I've experienced that, at least with the Cygwin version of tar I'm using ("CYGWIN_NT-5.1 1.7.17(0.262/5/3) 2012-10-19 14:39 i686 Cygwin" on a Windows XP Home Edition SP3 machine), the order of options is important.

While this construction worked for me:

tar cfvz target.tgz --exclude='<dir1>' --exclude='<dir2>' target_dir

that one didn't work:

tar cfvz --exclude='<dir1>' --exclude='<dir2>' target.tgz target_dir

This, while tar --help reveals the following:

tar [OPTION...] [FILE]

So, the second command should also work, but apparently it doesn't seem to be the case...

Best rgds,

Andrew
14#
Andrew Reply to 2014-04-14 16:21:50Z

gnu tar v 1.26 the --exclude needs to come after archive file and backup directory arguments, should have no leading or trailing slashes, and prefers no quotes (single or double). So relative to the PARENT directory to be backed up, it's:

tar cvfz /path_to/mytar.tgz ./dir_to_backup --exclude=some_path/to_exclude

Sverre
15#
Sverre Reply to 2014-05-08 10:48:59Z

old question with many answers, but I found that none were quite clear enough for me, so I would like to add my try.

if you have the following structure

/home/ftp/mysite/

with following file/folders

/home/ftp/mysite/file1
/home/ftp/mysite/file2
/home/ftp/mysite/file3
/home/ftp/mysite/folder1
/home/ftp/mysite/folder2
/home/ftp/mysite/folder3

so, you want to make a tar file that contain everyting inside /home/ftp/mysite (to move the site to a new server), but file3 is just junk, and everything in folder3 is also not needed, so we will skip those two.

we use the format

tar -czvf <name of tar file> <what to tar> <any excludes>

where the c = create, z = zip, and v = verbose (you can see the files as they are entered, usefull to make sure none of the files you exclude are being added). and f= file.

so, my command would look like this

cd /home/ftp/
tar -czvf mysite.tar.gz mysite --exclude='file3' --exclude='folder3'

note the files/folders excluded are relatively to the root of your tar (I have tried full path here relative to / but I can not make that work).

hope this will help someone (and me next time I google it)

Undo
16#
Undo Reply to 2014-05-09 22:07:15Z

After reading this thread, I did a little testing on RHEL 5 and here are my results for tarring up the abc directory:

This will exclude the directories error and logs and all files under the directories:

tar cvpzf abc.tgz abc/ --exclude='abc/error' --exclude='abc/logs'

Adding a wildcard after the excluded directory will exclude the files but preserve the directories:

tar cvpzf abc.tgz abc/ --exclude='abc/error/*' --exclude='abc/logs/*'
Scott Stensland
17#
Scott Stensland Reply to 2015-02-12 20:55:16Z

This exclude pattern handles filename suffix like png or mp3 as well as directory names like .git and node_modules

tar --exclude={*.png,*.mp3,*.wav,.git,node_modules} -Jcf ${target_tarball}  ${source_dirname}
Eric Manley
18#
Eric Manley Reply to 2015-05-14 14:10:55Z

You can use standard "ant notation" to exclude directories relative.
This works for me and excludes any .git or node_module directories.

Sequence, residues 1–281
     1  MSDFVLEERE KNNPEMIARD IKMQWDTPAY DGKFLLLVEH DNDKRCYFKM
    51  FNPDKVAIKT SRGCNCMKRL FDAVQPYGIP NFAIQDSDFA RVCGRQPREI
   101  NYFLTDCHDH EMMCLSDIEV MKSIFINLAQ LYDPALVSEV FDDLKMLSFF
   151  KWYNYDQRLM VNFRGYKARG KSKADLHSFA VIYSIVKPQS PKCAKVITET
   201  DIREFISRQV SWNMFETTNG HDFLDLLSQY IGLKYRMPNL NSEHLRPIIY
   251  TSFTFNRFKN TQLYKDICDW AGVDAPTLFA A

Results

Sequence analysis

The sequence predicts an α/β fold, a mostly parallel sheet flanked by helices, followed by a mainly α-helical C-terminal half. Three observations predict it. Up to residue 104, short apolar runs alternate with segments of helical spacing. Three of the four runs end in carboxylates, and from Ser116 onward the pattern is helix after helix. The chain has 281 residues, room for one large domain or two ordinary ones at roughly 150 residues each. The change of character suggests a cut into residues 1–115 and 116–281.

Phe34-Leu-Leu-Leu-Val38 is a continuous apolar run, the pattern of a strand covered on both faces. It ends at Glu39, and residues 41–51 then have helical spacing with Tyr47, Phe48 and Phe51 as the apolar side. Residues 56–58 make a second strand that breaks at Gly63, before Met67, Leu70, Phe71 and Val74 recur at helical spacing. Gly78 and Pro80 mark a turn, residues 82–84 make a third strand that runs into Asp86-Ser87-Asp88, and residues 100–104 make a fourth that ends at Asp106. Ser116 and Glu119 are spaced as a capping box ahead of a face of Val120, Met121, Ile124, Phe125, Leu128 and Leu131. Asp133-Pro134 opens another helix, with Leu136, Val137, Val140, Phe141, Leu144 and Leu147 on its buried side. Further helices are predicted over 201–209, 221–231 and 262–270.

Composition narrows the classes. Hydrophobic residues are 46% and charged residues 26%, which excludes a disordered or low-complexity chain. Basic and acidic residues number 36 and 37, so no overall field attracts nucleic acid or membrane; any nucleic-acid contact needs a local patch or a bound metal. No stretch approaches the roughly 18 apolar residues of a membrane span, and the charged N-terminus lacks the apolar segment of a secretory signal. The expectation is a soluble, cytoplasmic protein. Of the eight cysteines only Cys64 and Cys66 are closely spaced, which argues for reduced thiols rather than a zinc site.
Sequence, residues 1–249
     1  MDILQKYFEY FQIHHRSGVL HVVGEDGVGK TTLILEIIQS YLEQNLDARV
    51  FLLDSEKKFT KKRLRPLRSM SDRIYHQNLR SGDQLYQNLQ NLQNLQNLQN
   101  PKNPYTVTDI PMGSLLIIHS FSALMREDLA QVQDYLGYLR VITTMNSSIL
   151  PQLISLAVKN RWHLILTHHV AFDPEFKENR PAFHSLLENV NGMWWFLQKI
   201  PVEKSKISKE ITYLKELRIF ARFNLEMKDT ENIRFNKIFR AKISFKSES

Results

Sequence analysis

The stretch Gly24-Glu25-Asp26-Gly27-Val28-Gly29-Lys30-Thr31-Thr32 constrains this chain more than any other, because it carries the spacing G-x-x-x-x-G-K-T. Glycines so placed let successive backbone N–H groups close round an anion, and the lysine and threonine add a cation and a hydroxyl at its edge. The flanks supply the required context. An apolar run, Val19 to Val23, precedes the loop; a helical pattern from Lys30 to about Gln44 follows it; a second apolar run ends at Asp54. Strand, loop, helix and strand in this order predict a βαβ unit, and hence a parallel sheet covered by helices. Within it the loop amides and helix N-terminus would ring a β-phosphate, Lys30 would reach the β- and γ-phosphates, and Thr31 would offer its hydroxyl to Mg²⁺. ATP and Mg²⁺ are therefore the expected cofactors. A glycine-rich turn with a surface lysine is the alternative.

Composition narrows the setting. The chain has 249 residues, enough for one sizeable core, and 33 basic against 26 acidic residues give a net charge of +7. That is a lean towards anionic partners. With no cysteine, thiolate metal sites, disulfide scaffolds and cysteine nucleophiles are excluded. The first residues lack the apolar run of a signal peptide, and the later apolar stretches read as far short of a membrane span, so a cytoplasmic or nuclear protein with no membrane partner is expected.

tar -cvf myFile.tar --exclude=**/.git/* --exclude=**/node_modules/*  -T /data/txt/myInputFile.txt 2> /data/txt/myTarLogFile.txt

myInputFile.txt Contains:

/dev2/java
/dev2/javascript

Aaron Votre
19#
Aaron Votre Reply to 2016-07-15 15:56:04Z

I agree the --exclude flag is the right approach.

$ tar --exclude='./folder_or_file' --exclude='file_pattern' --exclude='fileA'

A word of warning for a side effect that I did not find immediately obvious: The exclusion of 'fileA' in this example will search for 'fileA' RECURSIVELY!

Example:A directory with a single subdirectory containing a file of the same name (data.txt)

data.txt
config.txt
--+dirA
  |  data.txt
  |  config.docx
  • If using --exclude='data.txt' the archive will not contain EITHER data.txt file. This can cause unexpected results if archiving third party libraries, such as a node_modules directory.

  • To avoid this issue make sure to give the entire path, like --exclude='./dirA/data.txt'

RohitPorwal
20#
RohitPorwal Reply to 2016-07-21 09:56:34Z

Check it out

tar cvpzf zip_folder.tgz . --exclude=./public --exclude=./tmp --exclude=./log --exclude=fileName
Community
21#
Community Reply to 2017-05-23 12:02:58Z

The following bash script should do the trick. It uses the answer given here by Marcus Sundman.

#!/bin/bash

echo -n "Please enter the name of the tar file you wish to create with out extension "
read nam

echo -n "Please enter the path to the directories to tar "
read pathin

echo tar -czvf $nam.tar.gz
excludes=`find $pathin -iname "*.CC" -exec echo "--exclude \'{}\'" \;|xargs`
echo $pathin

echo tar -czvf $nam.tar.gz $excludes $pathin

This will print out the command you need and you can just copy and paste it back in. There is probably a more elegant way to provide it directly to the command line.

Just change *.CC for any other common extension, file name or regex you want to exclude and this should still work.

EDIT

Just to add a little explanation; find generates a list of files matching the chosen regex (in this case *.CC). This list is passed via xargs to the echo command. This prints --exclude 'one entry from the list'. The slashes () are escape characters for the ' marks.

Jerinaw
22#
Jerinaw Reply to 2017-05-06 20:07:56Z

For Mac OSX I had to do

tar -zcv --exclude='folder' -f theOutputTarFile.tar folderToTar

Note the -f after the --exclude=

Ashwini Gupta
23#
Ashwini Gupta Reply to 2018-01-12 10:30:25Z
tar -cvzf destination_folder source_folder -X /home/folder/excludes.txt

-X indicates a file which contains a list of filenames which must be excluded from the backup. For Instance, you can specify *~ in this file to not include any filenames ending with ~ in the backup.